In my last review, I took a look at a new release from Colin Hay, an artist who came to prominence in the early 1980s with his group Men at Work. His latest album revisits the songs of those days, but not the sound. Today I’m focusing on another artist who first broke out in that same era; his new album features almost the opposite approach.
Like Colin Hay, Midge Ure was born in Scotland. But he remained in the UK for his musical career: his first musical endeavor of note (and historical importance) was as a member of Rich Kids, the 1977 group that also featured ex-Sex Pistols bassist Glen Matlock (aka The One Who Actually Knew How to Play). After that, of all things, he ended up replacing Gary Moore on guitar in Thin Lizzy.
Ure’s next ventures were the ones with which most people associate him: first, he rose to fame as guitarist and lead singer of Ultravox (most notably on their worldwide hit, “Vienna”). Next, in cooperation with cohort Bob Geldof (formerly of Boomtown Rats, later Sir Bob), he organized three musical mega-ventures: Band Aid‘s “Do They Know It’s Christmas” (which Ure wrote), the 1985 Live Aid concert extravaganza, and the 2005 Live 8 shows (during which classic-lineup Pink Floyd appeared in their only post-The Wall reunion). Ure also scored a UK #1 single with his solo cut, “If I Was,” in 1985.
That song appeared on Ure’s solo debut, The Gift. He followed that album up with other solo discs every few years, but the time between new releases seemed to get longer with each release. Not counting some expanded repackaged reissues and an all-covers disc, the most recent music from Midge Ure had been 2001’s Move Me.
In 2014, Ure finally got ’round to a new disc, Fragile. The new album – available on vinyl – has already charted respectably (#66) in the UK, but hasn’t done so Stateside. That’s a shame, actually, because Fragile is quite good. All of the songs are new (well, as in, we haven’t heard them prior to now), but Ure’s sonic palette has a decidedly 80s sheen about it.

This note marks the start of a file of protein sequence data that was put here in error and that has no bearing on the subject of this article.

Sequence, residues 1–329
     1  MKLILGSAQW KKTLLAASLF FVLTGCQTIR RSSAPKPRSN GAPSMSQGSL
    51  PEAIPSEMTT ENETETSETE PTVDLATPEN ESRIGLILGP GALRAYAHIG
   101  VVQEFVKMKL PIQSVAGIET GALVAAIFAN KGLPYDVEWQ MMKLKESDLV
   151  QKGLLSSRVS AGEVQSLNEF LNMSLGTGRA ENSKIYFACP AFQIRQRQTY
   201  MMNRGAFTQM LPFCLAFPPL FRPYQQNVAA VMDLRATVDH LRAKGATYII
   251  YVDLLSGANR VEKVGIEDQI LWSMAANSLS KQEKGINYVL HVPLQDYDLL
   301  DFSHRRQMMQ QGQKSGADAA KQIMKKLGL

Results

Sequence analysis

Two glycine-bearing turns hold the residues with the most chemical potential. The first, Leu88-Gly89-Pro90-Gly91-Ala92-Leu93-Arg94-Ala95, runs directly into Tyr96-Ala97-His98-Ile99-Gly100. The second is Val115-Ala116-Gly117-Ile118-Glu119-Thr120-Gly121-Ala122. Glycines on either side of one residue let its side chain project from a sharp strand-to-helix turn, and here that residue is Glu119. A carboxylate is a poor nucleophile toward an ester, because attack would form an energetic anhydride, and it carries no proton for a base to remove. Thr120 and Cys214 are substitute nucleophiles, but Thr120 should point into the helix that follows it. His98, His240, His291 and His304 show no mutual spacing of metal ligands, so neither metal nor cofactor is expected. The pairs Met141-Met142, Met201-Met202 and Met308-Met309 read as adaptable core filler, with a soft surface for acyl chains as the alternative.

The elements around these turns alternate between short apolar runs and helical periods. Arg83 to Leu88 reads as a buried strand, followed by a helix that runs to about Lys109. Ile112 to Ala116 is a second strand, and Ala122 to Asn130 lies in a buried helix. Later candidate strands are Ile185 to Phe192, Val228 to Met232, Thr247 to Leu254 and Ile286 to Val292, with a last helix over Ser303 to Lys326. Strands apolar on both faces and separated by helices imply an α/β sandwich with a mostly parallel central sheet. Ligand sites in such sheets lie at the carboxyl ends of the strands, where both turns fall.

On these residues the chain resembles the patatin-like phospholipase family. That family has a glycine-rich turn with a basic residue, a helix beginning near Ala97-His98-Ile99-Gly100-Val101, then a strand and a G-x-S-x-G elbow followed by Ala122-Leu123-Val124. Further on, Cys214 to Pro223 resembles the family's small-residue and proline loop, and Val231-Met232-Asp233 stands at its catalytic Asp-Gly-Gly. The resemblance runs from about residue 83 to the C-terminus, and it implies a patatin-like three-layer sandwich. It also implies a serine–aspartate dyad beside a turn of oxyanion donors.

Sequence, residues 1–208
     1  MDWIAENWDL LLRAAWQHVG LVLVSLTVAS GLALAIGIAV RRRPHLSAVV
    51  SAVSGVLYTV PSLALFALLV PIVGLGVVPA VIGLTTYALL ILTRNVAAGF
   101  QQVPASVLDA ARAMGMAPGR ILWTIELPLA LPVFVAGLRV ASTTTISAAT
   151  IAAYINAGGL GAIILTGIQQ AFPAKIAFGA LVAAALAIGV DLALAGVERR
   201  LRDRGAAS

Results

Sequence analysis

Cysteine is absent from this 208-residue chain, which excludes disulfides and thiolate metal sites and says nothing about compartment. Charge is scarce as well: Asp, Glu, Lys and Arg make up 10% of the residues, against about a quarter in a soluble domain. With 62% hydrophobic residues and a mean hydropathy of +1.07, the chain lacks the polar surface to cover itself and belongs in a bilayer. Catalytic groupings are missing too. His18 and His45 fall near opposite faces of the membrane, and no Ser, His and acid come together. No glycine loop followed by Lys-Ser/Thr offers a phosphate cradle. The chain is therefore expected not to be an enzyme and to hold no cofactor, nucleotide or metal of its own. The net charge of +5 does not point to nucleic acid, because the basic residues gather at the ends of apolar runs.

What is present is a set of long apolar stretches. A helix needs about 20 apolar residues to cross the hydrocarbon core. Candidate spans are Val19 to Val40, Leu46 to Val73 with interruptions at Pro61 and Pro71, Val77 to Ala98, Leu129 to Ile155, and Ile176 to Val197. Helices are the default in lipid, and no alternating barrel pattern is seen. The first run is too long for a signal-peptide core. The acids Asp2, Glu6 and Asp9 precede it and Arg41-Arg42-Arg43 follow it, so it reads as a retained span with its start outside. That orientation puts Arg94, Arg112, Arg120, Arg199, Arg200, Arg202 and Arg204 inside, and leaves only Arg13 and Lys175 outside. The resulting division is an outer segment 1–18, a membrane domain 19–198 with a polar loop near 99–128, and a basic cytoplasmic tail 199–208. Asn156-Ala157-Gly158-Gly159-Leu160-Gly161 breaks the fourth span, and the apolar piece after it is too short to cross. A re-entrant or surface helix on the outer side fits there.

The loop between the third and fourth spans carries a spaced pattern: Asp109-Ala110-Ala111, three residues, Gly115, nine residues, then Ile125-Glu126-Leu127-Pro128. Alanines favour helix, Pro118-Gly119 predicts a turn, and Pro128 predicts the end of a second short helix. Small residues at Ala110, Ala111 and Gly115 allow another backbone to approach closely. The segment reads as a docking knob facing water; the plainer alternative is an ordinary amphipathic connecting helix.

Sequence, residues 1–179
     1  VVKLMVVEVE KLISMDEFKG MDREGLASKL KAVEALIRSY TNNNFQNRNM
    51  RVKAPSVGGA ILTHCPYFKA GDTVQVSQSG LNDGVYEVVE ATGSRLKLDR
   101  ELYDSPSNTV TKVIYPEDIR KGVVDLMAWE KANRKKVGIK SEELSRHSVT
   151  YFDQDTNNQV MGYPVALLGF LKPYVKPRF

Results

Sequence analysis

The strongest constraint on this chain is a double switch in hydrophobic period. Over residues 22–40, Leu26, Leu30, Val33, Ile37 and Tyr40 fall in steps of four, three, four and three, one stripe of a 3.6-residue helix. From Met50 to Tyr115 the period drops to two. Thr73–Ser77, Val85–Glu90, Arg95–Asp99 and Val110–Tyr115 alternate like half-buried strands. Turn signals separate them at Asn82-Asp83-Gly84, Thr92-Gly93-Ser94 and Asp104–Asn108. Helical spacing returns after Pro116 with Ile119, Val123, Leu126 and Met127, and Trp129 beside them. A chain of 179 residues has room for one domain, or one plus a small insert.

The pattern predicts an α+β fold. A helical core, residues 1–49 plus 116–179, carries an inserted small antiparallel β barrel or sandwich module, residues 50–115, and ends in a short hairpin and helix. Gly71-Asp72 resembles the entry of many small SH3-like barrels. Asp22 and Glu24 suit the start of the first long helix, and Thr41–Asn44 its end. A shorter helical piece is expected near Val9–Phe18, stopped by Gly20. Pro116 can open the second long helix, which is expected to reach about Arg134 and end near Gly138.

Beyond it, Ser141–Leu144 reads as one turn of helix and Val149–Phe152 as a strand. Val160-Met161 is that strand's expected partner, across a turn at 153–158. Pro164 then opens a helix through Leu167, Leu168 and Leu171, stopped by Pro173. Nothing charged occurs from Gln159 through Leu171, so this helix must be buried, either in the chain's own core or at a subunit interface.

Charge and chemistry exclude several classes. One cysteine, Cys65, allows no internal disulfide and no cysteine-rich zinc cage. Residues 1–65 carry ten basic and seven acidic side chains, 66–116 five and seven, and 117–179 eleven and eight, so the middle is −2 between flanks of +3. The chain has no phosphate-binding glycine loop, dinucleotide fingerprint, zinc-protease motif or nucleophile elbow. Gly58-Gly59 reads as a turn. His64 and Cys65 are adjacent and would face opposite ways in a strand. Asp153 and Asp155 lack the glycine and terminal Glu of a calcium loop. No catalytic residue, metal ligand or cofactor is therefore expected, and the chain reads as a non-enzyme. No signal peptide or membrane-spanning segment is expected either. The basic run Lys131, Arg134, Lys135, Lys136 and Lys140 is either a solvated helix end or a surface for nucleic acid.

Ultravox’s sound might be described as a deft mix of cold, bloodless synth work and melodrama; those seemingly opposite qualities somehow worked splendidly when combined, creating a grandeur and elegance rarely matched by other synth-centric groups of its era. (Human League, for example, never did anything with the wide sweep of “Vienna.”)
And it’s that sound – or an updated rethinking of it – which forms the sonic tableau of Fragile. Ure’s voice alternates between a yearning, impassioned, keening approach (“Are We Connected”) and a near-whisper (“Let it Rise”). If you can imagine a more emotionally-based, much less angry version of Gary Numan, that’s close to what Ure sounds like on Fragile. He plays all of the instruments, save a bit of drum sampling and keyboard work (the latter by Moby).
As strong and compelling as Ure’s voice is throughout, it’s the seven-minute-plus “Wire and Wood” that is the highlight of Fragile. Ure’s multilayered instrumental approach folds in all sort of goodies: nylon string guitar, crystalline acoustic piano, tympani, analog-sounding synth pads, even what sounds like a just-slightly (as it should be) out of tune Mellotron.
Fragile rarely rocks, and rocking isn’t its goal. Instead it’s a collection of ten floating, shimmering melodies that highlight Ure’s wide array of talents: singing, composing, playing, and arranging. “Become” is a bit reminiscent of The Dream Academy, moved along with a throbbing synth line that makes good use of the stereo spectrum. And on “Star Crossed,” Ure combines the synthy sound of Ultravox with some roaring, 70s-styled sustained guitar, and even a bit of surprise-it’s-not-annoying vocal effect work.
The lovely vinyl package includes a lyric sheet – remember those? – that also sports a brief note from Ure more or less apologizing for (or at least seeking to explain) the long wait between his last disc and Fragile. A really nice black-and-white 12×12 photo insert is a bonus; my copy didn’t include a download card.
On Fragile, Ure conjures the vibe of his music of thirty years past, but he does so in a way that sounds wholly modern. File Fragile right next to Zero 7‘s 2001 classic Simple Things in the make-out music section of your collection.
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